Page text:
Fossil fuel giant ExxonMobil was forced to seat three new climate-competent board members on May 26, as a result of a $30 million proxy fight led by a tiny hedge fund named Engine No.1. Will this unprecedented event help transform Exxon into a climate-friendly company? Chris Ailman, the CIO of CalSTRS who was among the first to jump on Engine No. 1’s bandwagon, rightly called the outcome “historic”. This successful (and expensive) proxy fight demonstrates that investors are deeply dissatisfied with Exxon’s inaction on climate, poor earnings results, and high-handed treatment of shareholders.
But let’s take a closer look at what just happened. All three of the new Board members have backgrounds in the oil business: Gregory Goff is a former vice president at Marathon Petroleum and founder of Andeavor (formerly Tesoro), and, among others, is a current Board member of Enbridge and the National Petrochemical & Refiners Association. Goff described himself as the “best oil executive in the world” 10 years ago. Kaisa Hietala transitioned from upstream oil gas exploration to biofuels at oil refining giant Neste. Alexander “Andy” Karstner has deep experience in conventional and renewable energy and in high-tech, market-based solutions. So, the three new Board members are certainly experienced oil executives who are motivated by the climate crisis, but the jury is out on how this may change Exxon’s corporate culture.
The three new members of Exxon’s 13-person Board join two other new directors, Jeffrey Ubben and Michael Angelakis, who were elected in March. But for now, Exxon CEO Darren Woods remains in place and the newcomers are in the minority. Their ability to create change remains limited at best.
This feisty engagement campaign by the relatively new hedge fund Engine No. 1 was propelled to success by the backing of the top three public pension funds in the country – CalSTRS CalPERS, and NY State Common Retirement Fund. The campaign was also buoyed by voting recommendations from the top three asset managers, BlackRock, State Street, and Vanguard. Blackrock recommended a yes vote for three of the four directors on Engine No. 1’s list. Ironically, the only Engine No. 1 board candidate that BlackRock did not recommend was renewable energy expert Anders Runevad, former CEO of Vestas Wind Systems.
CalSTRS and CalPERS will claim that this landmark vote justifies their policy of engagement rather than divestment. CalSTRS and CalPERS have put a lot of work and faith in shareholder activist institutions such as the Climate Action 100+ and Ceres. These associations of investors seek to use their leverage as institutional investors to get concessions out of fossil fuel companies. The addition of three board members is a significant concession, but there is widespread skepticism that the new board members will fundamentally change the way that Exxon does business.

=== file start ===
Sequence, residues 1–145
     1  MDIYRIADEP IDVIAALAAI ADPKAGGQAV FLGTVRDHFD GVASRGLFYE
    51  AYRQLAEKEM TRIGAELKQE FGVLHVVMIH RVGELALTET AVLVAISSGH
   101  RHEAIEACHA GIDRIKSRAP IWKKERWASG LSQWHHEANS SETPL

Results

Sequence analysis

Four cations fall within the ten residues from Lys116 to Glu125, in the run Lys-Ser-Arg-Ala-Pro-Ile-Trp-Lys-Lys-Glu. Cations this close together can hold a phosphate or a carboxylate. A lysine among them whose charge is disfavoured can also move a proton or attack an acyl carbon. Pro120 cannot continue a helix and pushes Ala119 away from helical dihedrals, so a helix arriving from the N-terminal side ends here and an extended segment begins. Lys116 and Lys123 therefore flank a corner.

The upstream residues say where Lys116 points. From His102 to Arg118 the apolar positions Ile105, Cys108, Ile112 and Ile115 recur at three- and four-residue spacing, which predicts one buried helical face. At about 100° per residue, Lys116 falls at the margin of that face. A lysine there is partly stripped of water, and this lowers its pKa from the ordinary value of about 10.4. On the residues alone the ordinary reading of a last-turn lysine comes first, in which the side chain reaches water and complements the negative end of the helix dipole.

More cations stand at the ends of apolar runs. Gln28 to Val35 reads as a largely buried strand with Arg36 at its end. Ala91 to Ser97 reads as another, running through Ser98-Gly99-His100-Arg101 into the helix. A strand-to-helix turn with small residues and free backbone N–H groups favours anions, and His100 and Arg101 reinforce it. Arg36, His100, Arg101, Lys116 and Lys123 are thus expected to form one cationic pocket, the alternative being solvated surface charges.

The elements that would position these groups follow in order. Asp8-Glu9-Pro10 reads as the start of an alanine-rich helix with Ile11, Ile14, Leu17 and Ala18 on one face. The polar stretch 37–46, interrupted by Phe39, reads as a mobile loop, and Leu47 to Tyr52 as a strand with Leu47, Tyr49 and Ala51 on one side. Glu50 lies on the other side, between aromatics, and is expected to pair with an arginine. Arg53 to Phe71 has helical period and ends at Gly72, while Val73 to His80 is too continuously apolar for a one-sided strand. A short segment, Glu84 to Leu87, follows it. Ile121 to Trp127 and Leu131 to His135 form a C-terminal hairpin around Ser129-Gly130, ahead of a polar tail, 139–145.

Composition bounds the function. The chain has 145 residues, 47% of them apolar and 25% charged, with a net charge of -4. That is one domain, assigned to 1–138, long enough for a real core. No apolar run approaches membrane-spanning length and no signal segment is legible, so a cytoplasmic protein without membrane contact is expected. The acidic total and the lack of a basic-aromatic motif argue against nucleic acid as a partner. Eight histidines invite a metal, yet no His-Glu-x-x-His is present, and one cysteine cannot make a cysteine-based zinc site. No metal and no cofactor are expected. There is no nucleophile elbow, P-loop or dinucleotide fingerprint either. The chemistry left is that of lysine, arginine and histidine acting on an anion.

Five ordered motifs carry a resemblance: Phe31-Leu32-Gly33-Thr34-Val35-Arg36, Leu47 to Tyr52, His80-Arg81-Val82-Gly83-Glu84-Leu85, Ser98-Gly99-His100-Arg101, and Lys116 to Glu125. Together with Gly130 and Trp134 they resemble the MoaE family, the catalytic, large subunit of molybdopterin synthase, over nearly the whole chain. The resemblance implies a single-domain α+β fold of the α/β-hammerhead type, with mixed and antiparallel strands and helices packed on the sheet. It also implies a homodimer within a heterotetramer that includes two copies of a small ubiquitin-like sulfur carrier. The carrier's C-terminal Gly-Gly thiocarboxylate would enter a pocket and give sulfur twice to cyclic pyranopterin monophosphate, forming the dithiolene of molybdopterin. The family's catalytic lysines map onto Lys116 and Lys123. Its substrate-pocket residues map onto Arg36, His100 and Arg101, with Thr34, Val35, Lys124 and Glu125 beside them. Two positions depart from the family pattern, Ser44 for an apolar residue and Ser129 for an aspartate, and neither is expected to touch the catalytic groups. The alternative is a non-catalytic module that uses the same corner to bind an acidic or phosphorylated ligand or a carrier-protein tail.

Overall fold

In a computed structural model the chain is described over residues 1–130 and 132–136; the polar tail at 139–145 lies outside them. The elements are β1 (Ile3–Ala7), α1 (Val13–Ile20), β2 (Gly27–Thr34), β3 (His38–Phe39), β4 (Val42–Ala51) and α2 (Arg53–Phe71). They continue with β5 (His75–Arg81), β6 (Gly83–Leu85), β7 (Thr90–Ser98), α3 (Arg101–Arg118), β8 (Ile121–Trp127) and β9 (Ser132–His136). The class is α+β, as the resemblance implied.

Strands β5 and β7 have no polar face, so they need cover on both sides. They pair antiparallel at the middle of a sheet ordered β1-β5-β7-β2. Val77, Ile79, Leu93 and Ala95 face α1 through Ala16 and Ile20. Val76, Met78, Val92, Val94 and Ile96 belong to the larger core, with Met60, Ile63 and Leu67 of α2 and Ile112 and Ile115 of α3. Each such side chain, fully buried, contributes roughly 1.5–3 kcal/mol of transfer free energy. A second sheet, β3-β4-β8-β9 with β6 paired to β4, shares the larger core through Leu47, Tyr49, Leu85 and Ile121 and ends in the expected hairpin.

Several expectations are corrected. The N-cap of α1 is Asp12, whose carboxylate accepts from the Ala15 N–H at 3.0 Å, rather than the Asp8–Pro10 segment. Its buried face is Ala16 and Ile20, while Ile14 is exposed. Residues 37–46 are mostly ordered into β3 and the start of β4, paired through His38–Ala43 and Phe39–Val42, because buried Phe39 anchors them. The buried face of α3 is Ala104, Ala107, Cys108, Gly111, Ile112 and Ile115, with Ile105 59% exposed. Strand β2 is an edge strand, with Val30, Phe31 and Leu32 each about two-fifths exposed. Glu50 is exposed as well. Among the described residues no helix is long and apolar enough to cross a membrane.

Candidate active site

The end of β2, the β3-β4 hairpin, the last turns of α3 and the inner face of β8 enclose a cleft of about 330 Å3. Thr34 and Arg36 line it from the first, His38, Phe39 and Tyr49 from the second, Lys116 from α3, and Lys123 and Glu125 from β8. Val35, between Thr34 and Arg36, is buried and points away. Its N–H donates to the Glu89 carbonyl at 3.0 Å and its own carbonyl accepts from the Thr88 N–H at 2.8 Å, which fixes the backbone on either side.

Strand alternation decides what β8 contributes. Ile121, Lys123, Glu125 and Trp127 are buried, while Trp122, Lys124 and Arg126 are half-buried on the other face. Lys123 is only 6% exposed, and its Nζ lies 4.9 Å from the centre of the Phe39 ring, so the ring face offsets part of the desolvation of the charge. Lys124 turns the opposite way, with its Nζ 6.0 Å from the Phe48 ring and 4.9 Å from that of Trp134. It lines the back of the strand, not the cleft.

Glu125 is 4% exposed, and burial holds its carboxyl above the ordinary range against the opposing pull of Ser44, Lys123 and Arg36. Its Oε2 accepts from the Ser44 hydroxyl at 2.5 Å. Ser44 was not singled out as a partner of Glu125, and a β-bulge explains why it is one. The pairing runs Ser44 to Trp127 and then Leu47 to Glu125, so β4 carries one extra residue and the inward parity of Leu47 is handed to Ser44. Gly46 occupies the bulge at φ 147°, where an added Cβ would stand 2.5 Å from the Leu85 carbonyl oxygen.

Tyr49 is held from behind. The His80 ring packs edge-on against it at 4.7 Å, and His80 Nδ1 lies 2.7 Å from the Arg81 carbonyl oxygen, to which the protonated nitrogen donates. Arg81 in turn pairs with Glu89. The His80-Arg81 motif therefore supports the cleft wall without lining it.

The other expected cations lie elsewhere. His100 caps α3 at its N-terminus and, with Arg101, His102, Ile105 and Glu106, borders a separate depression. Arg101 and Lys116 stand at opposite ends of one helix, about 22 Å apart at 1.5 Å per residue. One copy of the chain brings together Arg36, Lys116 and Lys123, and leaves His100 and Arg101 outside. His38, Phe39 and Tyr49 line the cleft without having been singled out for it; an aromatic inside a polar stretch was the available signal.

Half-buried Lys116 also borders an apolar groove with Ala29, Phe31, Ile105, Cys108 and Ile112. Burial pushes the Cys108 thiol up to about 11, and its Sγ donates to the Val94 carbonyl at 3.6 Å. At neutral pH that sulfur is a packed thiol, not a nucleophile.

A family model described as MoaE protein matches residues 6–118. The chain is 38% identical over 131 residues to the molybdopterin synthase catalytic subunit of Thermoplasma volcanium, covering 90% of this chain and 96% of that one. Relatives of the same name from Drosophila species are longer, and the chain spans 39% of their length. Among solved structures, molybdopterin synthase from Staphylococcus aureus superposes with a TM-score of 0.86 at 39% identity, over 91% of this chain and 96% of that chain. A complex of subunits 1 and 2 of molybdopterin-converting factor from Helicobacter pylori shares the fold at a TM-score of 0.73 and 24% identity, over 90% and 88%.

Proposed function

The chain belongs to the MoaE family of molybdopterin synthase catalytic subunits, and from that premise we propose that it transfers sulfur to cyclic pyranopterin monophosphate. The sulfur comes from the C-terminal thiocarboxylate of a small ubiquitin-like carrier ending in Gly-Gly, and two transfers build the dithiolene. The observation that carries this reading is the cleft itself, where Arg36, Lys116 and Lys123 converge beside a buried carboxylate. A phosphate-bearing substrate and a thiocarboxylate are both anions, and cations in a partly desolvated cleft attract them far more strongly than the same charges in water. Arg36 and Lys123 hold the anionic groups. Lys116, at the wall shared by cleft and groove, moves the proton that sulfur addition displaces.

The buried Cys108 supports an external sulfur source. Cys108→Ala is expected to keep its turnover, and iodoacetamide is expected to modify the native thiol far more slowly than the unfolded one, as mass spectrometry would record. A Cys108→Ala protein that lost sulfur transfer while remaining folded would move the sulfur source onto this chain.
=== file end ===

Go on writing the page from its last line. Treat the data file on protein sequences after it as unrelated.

In a recent report, the International Energy Agency (IEA) stated flatly that in order to meet a net-zero by 2050 goal there should be no new fossil fuel projects: “There is no need for investment in new fossil fuel supply in our net zero pathway.” And fossil fuel companies already own trillions of dollars of reserve assets that they will not be able to sell and burn if we are to stay aligned with a 1.5 degrees Celsius level of warming. They stand to lose tremendously in the transition to a low carbon economy, and so have fought it every step of the way. At best, some have shown very paltry signs of diversifying and becoming something other than fossil fuel companies; however, Exxon has made zero attempt to even pretend that it will discontinue burning any of its reserves as it continues to search for more. CalSTRS and CalPERS have yet to offer any evidence that shareholder engagement will cause an oil company to alter its primary business plan—to extract, sell and burn all its carbon assets—global heating or not.
So this week’s news that there are now several people on Exxon’s board who might ask hard questions is certainly welcome. But CalSTRS and CalPERS need to learn from New York and move beyond engagement, joining the hundreds of other institutions that have divested their portfolios of fossil fuel companies. Divestment, in fact, adds teeth to engagement and makes it more powerful. The New York State Common Retirement Fund recently began its divestment process, and yet it was still able to be a part of this push for new board members. Pension funds can use a form of divestment that holds onto a small number of shares in order to be able to engage companies in shareholder actions.
Another welcome piece of news on the same day as the Exxon meeting, May 26, was that a Dutch court ruled that Shell Oil must reduce its carbon dioxide emissions by 45% by 2030, which could significantly alter Shell’s business plans. We get to that sort of consequential outcome when the fossil fuel majors are seen as the social pariahs they are.
Divestment revokes the social license we provide to the oil companies to destroy the planet, the “permission” to sell and burn the carbon that is causing global heating. Together with engagement, the threat of divestment is a powerful tool for exerting pressure on Exxon and others to change. Only then will our children inherit a planet that is viable, and inhabitable.
Thanks to Cynthia Kaufman, Jane Vosburg, and Bill Vosburg for their contributions to this article.